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Worst hospital experience for London cancer patients

PUBLISHED: 06:04 03 May 2011

Cancer patients in Newham are among those who have the worst hospital experience, according to a survey.

The figures, which have been released by Macmillan Cancer Support but are based on Department of Health research , reveal that eight out of ten NHS trusts at the bottom of a league table measuring patient experience in England are in London. They include Newham University Hospital NHS Trust.

They measure patients’ experience at hospital and consider issues such as whether or not there were enough nurses on duty, if they were given enough support from health and social services or the right emotional support.

The study does cover the medical treatments they receved such as standards of chemotherapy or surgery.

However the trust has defended its position saying it had only a small number of eligible patients (178), less than half (45 per cent or 78) of whom responded to the questionnaire, compared with a national average of 67 per cent.

A spokeswoman for the trust said: “The authors of the report recognise that the results from those Trusts with relatively small numbers should be treated with caution since small numbers widen the confidence intervals significantly.”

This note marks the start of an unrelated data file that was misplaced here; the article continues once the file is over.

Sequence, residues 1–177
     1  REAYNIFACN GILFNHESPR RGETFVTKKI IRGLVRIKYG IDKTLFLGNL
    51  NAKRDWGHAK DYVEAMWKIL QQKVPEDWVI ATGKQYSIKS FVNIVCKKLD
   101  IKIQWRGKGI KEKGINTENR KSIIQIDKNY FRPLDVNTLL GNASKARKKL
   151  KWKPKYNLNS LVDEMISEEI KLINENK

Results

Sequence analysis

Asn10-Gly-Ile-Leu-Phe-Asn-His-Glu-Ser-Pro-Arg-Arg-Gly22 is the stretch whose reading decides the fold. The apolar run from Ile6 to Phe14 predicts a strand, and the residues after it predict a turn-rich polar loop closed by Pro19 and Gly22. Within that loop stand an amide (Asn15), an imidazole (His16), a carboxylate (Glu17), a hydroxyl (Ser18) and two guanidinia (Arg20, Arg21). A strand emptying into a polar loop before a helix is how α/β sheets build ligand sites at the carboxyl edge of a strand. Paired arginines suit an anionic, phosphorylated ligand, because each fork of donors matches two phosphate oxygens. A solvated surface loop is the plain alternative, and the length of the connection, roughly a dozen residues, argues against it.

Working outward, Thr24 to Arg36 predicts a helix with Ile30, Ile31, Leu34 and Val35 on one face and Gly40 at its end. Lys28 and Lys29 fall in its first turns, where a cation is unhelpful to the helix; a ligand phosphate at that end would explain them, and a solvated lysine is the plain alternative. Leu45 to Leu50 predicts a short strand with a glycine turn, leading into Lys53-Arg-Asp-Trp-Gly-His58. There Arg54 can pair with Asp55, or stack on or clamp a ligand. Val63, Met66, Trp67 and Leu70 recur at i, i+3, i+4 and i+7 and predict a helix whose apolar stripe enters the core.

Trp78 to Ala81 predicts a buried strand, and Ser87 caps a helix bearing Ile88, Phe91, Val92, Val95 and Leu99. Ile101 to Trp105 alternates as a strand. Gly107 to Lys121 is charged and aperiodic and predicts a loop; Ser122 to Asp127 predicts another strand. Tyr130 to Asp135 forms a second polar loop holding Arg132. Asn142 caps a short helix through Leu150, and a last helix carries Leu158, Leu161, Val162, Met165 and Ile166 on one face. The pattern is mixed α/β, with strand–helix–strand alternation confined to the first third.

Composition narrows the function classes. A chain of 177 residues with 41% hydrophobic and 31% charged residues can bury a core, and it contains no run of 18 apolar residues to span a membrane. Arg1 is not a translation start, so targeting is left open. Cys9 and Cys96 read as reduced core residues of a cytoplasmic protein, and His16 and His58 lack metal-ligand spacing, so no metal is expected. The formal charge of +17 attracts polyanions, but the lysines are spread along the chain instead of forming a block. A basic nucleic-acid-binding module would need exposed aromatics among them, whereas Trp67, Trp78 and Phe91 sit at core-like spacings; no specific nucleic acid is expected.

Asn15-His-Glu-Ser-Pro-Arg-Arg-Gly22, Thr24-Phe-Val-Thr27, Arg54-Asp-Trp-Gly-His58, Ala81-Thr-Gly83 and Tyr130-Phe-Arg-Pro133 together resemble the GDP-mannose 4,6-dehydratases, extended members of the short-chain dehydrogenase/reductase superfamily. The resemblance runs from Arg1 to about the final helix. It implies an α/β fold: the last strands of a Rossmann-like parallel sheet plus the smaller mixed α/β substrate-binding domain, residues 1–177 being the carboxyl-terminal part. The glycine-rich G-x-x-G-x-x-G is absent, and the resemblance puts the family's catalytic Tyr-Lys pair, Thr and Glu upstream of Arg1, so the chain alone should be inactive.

Mike Gill, Medical Director at the trust, said: “The Trust recognises that improvements to services can always be made and are implementing a programme to continue to improve services for cancer patients. Newham has a high number of patients where English is not their first language and a very small number of respondents. We recognise that this can influence surveys like this.

“We are hoping to work with National Cancer Action Team (which commissioned the survey) to develop future surveys that take account of the needs of our local population and allow a more accurate representation of our services.”

Following the results the Trust has identified five key areas to focus on improving the experience for patients. They include cutting outpatients waiting times, improved communication between health professionals when discussing tests and promoting a greater understanding of patient’s key worker, as many were not able to confirm that they had one.

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